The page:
1. Limited time only! Sign up for a free 30min personal tutor trial with Chegg Tutors
    Dismiss Notice
Dismiss Notice
Join Physics Forums Today!
The friendliest, high quality science and math community on the planet! Everyone who loves science is here!

Homework Help: F=ma question

  1. May 24, 2013 #1
    If we multiply M by 2x then what will happend to a ?

    1] a
    2] a/2
  2. jcsd
  3. May 24, 2013 #2


    User Avatar
    Science Advisor
    Gold Member

    Hi, AlexKalm

    What do you think will happen?
  4. May 24, 2013 #3
    1] a?

    i only know that 2x f = 2x a ...
  5. May 24, 2013 #4


    User Avatar
    Gold Member

    Is that an incomplete problem statement ? If a force acts on a body of mass M producing an acceleration a, then if that same force acts on a body 2M then what is the acceleration?
  6. May 24, 2013 #5
    yes that was the question
  7. May 24, 2013 #6


    User Avatar
    Science Advisor
    Gold Member

    (Note: we will not answer the question for you, nor will we tell you whether your guess is correct unless you show us your reasoning. It's against the forum rules.)

    O.k., look, you've got three variables. If you change one, then one of the three things can happen:
    1. the first of the remaining variables changes
    2. the other one does
    3. both do

    If your equation is [itex]F=ma[/itex], and you increase F by a factor of x, then either m has to increase *x, a has to increase *x, or each of those has to change by some factors, that when combined produce *x.


    In most cases, when dealing with the above equation, one of the variables is treated as constant, so changing one of the two remaining ones by the factor of x, means that the second one needs to also change by the factor of x(if it's on the other side of the equation) or by 1/x(if it's on the same side).

    In your example in post #3, m was treated as constant(you asked yourself what happens if you apply more force to the same mass), so increasing F *2 meant that a had to increase *2 as well.

    Now it is F that is constant, and you increase m *2(you want to know what happens if the same force acts on a heavier object).
    So what happens to a?
    Last edited: May 24, 2013
  8. May 24, 2013 #7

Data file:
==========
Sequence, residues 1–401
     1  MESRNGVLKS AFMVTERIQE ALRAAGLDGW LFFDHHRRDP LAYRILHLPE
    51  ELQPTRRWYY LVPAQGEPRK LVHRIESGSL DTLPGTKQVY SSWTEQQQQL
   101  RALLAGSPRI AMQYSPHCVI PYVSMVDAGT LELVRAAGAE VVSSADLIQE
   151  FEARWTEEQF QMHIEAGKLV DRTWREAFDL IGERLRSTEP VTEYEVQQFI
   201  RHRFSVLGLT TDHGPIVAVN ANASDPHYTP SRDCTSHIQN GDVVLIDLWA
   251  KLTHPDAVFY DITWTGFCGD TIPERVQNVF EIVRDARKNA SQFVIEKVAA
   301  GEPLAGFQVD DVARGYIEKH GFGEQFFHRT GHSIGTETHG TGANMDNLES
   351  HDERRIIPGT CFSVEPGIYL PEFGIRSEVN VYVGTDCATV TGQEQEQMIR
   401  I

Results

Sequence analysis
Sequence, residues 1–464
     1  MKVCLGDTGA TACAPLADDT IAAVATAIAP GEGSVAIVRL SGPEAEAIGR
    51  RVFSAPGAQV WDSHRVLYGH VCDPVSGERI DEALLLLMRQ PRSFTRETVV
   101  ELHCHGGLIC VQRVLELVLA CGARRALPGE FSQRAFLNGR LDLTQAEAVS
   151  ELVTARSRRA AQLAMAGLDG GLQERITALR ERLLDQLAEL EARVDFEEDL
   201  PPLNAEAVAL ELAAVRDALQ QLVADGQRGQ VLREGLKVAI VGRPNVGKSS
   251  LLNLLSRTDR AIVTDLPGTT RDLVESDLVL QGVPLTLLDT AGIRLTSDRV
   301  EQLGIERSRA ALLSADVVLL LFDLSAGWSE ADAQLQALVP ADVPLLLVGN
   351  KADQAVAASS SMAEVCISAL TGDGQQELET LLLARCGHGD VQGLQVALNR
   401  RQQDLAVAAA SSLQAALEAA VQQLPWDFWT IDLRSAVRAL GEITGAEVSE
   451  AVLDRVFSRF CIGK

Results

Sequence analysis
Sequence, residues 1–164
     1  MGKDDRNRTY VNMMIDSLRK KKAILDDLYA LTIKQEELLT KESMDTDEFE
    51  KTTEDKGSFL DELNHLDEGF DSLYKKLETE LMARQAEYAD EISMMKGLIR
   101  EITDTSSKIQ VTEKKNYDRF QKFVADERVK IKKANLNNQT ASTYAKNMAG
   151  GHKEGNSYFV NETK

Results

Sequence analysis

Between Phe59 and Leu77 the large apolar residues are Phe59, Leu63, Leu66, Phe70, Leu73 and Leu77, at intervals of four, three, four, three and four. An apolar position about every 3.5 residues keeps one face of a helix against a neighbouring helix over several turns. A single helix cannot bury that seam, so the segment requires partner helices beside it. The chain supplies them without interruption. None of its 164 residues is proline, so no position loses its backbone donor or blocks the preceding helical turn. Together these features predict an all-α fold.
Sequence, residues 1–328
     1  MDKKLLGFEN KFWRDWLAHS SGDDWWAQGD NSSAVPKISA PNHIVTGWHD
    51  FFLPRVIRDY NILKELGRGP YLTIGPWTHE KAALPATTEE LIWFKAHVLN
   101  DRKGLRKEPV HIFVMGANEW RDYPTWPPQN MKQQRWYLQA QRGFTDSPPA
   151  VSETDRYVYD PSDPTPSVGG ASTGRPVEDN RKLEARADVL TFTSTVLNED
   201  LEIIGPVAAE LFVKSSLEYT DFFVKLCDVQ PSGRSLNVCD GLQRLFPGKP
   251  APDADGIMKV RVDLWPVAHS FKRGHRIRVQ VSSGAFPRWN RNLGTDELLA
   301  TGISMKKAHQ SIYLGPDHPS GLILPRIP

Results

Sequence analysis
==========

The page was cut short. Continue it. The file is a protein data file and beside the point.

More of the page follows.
nothing ! ? am i correct?

    because hmm ... only when you double the F the A gets 2x, m cant affect a

    and by doing maths a/2 is correct too

    because say you have 1000N f , m1 = 10 , m2 = 20

    1000=10 a => a=1000/10=100
    1000=20 a => a=1000/20=50
    so from that we can say that if we double the m we get a/2

    but i believe that if we double the m nothing happends to a
    maybe if we double the m the f gets m/2 or something ......
    then how can i know which answer is correct?
    Last edited: May 24, 2013
  9. May 24, 2013 #8


    User Avatar
    Science Advisor
    Gold Member

    Do you play football(or soccer)?

    Imagine you kick the standard soccer ball as hard as you can(force=F1), and you see the ball accelerating very fast(a1) so that it can fly very far.
    Now imagine you kick a much heavier ball(a baseball, for example; m2>m1). Again, you use all your strenght(force=F2=F1).
    Will the ball land at the same distance, farther, or nearer?

    Remember that here you're assuming the same F for both cases(you can't kick it any harder).
  10. May 24, 2013 #9
    it will be nearer i guess? but that doesnt clarify anything... :(
  11. May 24, 2013 #10


    User Avatar
    Science Advisor
    Gold Member

    Doesn't it? Your maths in post #7 show clearly that the acceleration is lower, your soccer-player's intuition(basically, an experiment) tells you the same, so where's the problem?
  12. May 24, 2013 #11
    so it is a/2 ? i dont trust maths ...
  13. May 24, 2013 #12


    User Avatar

    Staff: Mentor

  14. May 24, 2013 #13
    yay thanks.... i done it wrong in the exams... i will never trust myself again :D
  15. May 24, 2013 #14


    User Avatar
    Science Advisor
    Gold Member

    Trust the maths, especially when doing maths exams.
    (But don't trust lie algebra :tongue:)
Share this great discussion with others via Reddit, Google+, Twitter, or Facebook

Have something to add?
Draft saved Draft deleted